In promoting the sanctity of human life, the Qur'an-e Shariff says that good health, like knowledge, is a divine gift. The family unit nurtures the lives of its members, assisting them in their physical and spiritual endeavours. The wellbeing of individuals, in-turn, contributes to the overall health of the family, and that of society at large.
In the United States, November is National Family Caregivers Month in recognition of those who care for aging parents and other family members who are unable to take care of themselves. Geriatric Psychiatrist Dr Sultan Ali Lakhani supports family caregivers with education and counselling, and offers some tips for caregivers.
In celebration of Eid ul-Fitr, the Mayor of London organised a live entertainment programme in Trafalgar Square this year. The Ismaili Community Ensemble was invited to take part in the event, which attracted thousands, and marked the end of the holy month of Ramadan.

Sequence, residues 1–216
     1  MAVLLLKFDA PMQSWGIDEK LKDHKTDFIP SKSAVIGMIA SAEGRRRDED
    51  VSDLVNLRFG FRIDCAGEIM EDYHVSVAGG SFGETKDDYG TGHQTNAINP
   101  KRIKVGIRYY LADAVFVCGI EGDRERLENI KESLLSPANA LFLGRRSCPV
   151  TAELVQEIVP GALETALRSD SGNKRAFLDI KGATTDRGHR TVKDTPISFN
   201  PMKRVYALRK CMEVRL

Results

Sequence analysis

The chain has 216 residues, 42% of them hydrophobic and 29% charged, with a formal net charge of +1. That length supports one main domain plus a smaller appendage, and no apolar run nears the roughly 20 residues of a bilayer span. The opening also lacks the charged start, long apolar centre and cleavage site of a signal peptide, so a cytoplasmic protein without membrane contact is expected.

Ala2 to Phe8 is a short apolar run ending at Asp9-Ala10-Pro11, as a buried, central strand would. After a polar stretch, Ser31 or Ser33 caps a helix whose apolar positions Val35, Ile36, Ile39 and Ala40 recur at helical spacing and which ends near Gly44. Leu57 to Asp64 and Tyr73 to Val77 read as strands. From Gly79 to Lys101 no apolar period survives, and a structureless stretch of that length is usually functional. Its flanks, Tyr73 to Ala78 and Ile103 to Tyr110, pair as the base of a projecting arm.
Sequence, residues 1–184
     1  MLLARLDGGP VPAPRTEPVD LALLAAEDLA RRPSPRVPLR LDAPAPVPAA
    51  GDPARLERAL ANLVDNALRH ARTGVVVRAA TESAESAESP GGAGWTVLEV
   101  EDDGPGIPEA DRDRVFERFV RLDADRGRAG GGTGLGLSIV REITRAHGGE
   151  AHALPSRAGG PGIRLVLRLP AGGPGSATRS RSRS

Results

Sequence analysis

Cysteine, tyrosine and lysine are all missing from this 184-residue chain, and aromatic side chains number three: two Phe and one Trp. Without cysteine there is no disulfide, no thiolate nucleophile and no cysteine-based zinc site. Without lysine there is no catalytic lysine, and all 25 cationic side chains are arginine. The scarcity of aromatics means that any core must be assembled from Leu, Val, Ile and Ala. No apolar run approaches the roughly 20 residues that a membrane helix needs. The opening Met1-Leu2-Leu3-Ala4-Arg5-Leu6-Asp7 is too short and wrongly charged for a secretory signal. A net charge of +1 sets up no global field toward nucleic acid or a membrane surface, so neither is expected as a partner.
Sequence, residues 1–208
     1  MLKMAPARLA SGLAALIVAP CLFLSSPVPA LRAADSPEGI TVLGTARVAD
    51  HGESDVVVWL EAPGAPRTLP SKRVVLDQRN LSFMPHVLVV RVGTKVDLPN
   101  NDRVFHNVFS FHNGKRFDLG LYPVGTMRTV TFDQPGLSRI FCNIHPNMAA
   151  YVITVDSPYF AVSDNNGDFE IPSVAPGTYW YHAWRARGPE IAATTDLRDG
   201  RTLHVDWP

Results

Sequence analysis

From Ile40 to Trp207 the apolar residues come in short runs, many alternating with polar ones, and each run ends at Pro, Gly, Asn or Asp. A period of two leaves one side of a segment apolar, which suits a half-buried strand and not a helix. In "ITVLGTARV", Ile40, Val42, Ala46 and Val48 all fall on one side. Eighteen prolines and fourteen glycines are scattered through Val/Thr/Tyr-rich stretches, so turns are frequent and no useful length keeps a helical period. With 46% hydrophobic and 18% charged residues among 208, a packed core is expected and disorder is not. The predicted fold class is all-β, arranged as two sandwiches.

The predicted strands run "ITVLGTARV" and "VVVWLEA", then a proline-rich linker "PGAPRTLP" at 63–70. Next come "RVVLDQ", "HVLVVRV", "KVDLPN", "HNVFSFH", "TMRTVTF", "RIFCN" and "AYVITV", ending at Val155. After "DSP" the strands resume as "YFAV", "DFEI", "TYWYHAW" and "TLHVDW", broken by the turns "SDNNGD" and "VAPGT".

Statistics show that although longevity today can extend well beyond the life expectancies of the past, quality of life is increasingly compromised with age, posing challenges for the elderly, their children and the community as a whole. But mindful of our obligations to our parents and grandparents, the Jamat is finding new ways to care for seniors with affection and compassion.
Seventy-four learners were joined by their families and senior Jamati leaders from across Europe as they graduated with a Certificate in Lifelong Learning awarded by the London School of Economics. The ceremony marked an important milestone for the graduates as well as the Ismaili Council for the European Union.
For the Canadian Jamat, a year-and-a-half of anticipation, planning and hard work culminated in Mawlana Hazar Imam’s Golden Jubilee visit to the country in November 2008. Some 20 000 volunteers ensured that the experience was a happy and memorable one.